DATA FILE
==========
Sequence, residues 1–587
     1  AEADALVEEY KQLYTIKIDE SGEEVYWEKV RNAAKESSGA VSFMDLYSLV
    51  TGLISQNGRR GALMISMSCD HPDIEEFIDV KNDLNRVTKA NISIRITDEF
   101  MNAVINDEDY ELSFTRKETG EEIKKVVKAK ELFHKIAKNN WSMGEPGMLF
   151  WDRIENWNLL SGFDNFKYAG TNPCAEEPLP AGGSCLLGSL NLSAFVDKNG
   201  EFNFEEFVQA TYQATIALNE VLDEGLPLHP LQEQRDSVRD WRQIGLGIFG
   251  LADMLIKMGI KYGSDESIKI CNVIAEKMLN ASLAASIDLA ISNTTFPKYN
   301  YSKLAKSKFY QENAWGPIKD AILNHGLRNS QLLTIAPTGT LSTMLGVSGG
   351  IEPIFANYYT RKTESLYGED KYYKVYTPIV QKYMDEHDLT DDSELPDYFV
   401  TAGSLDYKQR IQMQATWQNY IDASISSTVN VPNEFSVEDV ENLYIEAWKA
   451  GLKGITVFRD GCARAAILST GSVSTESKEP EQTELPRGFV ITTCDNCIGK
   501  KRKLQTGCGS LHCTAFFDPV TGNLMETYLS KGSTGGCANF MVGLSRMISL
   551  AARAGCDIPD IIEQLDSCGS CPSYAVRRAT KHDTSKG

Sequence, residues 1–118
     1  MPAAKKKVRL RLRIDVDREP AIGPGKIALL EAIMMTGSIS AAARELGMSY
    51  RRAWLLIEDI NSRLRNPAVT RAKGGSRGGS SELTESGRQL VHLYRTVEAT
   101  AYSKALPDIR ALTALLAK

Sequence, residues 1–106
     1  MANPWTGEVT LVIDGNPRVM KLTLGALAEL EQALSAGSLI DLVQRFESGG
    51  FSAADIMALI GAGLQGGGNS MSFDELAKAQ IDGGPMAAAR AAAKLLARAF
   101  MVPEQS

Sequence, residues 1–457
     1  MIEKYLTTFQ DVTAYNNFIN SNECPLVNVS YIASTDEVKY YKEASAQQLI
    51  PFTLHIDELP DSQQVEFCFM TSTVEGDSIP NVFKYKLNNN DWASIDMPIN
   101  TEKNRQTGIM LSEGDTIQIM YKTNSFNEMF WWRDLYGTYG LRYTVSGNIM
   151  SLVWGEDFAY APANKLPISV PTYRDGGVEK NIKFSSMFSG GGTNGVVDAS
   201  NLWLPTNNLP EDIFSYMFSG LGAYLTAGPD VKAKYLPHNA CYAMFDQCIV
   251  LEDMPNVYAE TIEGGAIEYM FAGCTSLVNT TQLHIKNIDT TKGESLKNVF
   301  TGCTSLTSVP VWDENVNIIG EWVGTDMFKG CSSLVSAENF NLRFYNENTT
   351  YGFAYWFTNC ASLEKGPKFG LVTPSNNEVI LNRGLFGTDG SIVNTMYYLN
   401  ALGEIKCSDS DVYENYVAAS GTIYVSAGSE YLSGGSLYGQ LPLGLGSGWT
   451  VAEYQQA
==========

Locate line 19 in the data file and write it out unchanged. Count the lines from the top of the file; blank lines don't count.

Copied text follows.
     1  MANPWTGEVT LVIDGNPRVM KLTLGALAEL EQALSAGSLI DLVQRFESGG